“It’s often been said that science fiction predicts the future. I’d argue that this isn’t generally the case. In fact, it’s the future that predicts science fiction.
“First off, we have to understand what we mean when we talk about “the future.” That definite article “the” implies that there is a single future, but of course there isn’t—despite how we talk about it, the future isn’t a fixed, tangible thing, it’s a psychological and social construct. (The past is also a psychological and social construct, but we won’t get into that here.) Each of us has one or several possible models of the future in mind at any given time—both our personal future and the future of the world—and society as a whole also has several possible agreed-upon futures under consideration.
“These models of the future are built by the human brain, extrapolating from the present situation using information gathered from past events, and they are all inherently flawed because of the limitations of the human brain. Even computer models and other calculations are built according to rules devised by human brains, and are equally subject to these flaws. Our vision of the future tells us much more about ourselves, our pasts, and our present than it does about the actual future…”
“Tomorrowland, a section of the Disneyland theme park that nominally reflects the world of the future, is a vivid example of how our views of the future have changed over time.
“In Tomorrowland’s first phase (1955-1967), the main attractions were the Moonliner, a simulated trip to the moon, sponsored by TWA; Autopia, an automobile-driving ride for children, reminiscent of the interstate highway system; the all-plastic House of the Future, sponsored by Monsanto; and the Submarine Voyage, inspired by the voyage of the Nautilus, the first atomic-powered submarine, under the north pole. You can easily see how these attractions reflected the interests and concerns of the time.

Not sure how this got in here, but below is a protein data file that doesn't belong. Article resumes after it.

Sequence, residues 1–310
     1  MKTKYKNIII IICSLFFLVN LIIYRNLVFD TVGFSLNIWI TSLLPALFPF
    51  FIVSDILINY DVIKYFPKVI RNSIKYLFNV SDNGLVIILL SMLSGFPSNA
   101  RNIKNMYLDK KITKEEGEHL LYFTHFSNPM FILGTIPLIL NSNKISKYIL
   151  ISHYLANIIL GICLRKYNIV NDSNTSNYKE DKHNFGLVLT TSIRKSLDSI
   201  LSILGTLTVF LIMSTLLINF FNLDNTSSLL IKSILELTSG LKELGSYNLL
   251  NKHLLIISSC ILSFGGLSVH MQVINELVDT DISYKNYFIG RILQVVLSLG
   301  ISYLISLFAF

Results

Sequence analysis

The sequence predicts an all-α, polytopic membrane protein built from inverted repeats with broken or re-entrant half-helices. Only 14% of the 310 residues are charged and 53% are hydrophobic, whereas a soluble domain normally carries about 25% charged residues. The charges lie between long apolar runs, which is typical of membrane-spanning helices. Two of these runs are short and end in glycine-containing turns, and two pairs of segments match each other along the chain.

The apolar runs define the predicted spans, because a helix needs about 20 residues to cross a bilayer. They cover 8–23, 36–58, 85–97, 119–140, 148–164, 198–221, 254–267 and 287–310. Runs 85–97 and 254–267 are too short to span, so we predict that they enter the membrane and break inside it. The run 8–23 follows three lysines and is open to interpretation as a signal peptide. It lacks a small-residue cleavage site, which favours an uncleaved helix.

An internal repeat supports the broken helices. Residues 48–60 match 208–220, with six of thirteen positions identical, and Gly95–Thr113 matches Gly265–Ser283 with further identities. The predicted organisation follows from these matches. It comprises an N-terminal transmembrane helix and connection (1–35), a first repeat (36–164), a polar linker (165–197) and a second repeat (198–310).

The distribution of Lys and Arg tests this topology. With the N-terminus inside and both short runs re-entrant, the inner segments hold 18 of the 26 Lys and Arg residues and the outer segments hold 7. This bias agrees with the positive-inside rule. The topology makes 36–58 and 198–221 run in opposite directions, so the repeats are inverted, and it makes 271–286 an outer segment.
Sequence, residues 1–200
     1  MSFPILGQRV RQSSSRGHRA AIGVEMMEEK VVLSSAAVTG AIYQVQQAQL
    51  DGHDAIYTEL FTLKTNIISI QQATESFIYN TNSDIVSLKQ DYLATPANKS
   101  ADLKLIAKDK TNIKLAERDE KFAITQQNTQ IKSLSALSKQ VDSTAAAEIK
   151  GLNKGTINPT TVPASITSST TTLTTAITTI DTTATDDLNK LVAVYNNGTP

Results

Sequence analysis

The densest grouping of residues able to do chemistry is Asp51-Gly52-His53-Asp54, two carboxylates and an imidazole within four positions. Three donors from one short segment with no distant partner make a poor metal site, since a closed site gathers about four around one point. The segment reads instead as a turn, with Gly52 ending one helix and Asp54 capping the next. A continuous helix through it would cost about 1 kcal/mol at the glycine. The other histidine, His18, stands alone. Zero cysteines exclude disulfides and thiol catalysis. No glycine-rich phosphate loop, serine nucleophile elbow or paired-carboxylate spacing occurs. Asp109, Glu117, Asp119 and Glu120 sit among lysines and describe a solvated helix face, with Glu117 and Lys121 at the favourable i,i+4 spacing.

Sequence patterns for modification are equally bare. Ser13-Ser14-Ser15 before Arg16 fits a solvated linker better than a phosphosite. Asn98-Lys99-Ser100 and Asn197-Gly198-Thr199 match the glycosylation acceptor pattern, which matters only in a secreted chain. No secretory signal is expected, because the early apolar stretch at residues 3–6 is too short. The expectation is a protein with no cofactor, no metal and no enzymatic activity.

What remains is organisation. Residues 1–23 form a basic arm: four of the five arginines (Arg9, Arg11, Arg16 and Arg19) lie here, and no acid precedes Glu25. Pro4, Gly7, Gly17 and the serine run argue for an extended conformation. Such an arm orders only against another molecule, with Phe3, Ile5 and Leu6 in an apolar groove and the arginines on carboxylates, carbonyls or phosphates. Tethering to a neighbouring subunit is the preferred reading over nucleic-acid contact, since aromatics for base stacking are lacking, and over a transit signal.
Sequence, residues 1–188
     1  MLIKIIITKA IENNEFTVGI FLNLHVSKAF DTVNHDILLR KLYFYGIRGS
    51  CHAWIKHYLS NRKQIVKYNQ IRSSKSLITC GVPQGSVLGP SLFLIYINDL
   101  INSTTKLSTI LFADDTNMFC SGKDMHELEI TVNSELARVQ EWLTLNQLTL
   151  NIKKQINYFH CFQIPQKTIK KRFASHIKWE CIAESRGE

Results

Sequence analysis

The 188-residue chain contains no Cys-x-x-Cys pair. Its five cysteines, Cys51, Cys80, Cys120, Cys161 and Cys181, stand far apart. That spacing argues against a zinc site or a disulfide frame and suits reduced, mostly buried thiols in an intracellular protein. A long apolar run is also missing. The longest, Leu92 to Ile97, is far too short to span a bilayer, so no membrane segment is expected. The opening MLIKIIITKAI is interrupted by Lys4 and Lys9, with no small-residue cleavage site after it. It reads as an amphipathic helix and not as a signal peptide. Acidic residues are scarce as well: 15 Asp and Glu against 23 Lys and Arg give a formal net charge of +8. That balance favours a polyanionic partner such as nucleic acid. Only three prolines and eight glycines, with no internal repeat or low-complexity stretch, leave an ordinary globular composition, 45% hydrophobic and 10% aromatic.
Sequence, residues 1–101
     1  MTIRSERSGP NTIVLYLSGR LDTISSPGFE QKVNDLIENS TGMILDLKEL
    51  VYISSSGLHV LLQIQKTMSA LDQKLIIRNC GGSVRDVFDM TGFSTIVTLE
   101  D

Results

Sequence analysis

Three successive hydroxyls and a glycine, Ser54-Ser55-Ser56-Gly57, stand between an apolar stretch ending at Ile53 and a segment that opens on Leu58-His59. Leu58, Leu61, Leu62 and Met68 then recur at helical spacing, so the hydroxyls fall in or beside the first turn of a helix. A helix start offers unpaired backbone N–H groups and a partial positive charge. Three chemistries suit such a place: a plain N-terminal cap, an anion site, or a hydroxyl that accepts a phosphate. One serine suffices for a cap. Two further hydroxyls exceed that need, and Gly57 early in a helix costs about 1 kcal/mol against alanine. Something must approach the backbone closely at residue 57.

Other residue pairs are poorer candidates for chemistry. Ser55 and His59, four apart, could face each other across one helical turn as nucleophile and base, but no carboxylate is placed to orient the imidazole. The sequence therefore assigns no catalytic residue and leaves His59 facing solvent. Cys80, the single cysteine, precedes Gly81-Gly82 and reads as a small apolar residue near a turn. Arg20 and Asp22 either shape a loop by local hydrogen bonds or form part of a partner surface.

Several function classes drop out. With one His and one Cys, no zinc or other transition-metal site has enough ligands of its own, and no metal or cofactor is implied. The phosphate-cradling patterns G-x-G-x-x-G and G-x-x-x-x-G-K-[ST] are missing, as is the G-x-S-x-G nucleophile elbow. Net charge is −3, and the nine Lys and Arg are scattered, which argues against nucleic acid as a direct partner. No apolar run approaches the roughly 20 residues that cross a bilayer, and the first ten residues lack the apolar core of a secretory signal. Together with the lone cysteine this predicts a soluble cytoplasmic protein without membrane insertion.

“Tomorrowland was given its first major makeover in 1968. Major new attractions added at this time included the Carousel of Progress, sponsored by GE, which touted the wonders of electricity; Adventure Thru Inner Space, sponsored by Monsanto, which took riders on a journey into the heart of the atom; and Peoplemover, sponsored by Goodyear, a scaled-down model of a clean, quiet, rubber-tired public transit system of the future. Not long thereafter, the Moonliner was remodeled into Mission to Mars and Space Mountain, Disney’s first multimedia rollercoaster, was added. These changes reflected the fact that the concerns of the immediate post-war period had been replaced with new concerns, more consumer-oriented and even more expansive.
“By 1998, Tomorrowland was becoming increasingly dated despite some cosmetic changes and was given another major makeover. Notable changes at this time included the addition of the Buzz Lightyear Astro Blasters, a new interactive ride in which riders could compete not only with each other but with people all over the world via the Internet, and the replacement of the Rocket Jets with the new Astro-Orbitor, an essentially identical ride except that the older ride’s black and white NASA-style design was replaced with a new “retro-futuristic” design in bronze, gold, and brown.
“The harder Disney tried to keep its future up-to-the-minute, the faster it went out of date. (There’s nothing so stale as yesterday’s headlines.) So in recent years they’ve begun reaching all the way back to Jules Verne for a more “timeless” future. Even though these designs are already obsolete, they still retain a futuristic flavor, and it won’t fade so quickly…”
Text: David Levine, How the Future Predicts Science Fiction, The Internet Review of Science Fiction, February 2010.
Image: Tomorrowland’s Carousel of Progress via A Little Slice of Life.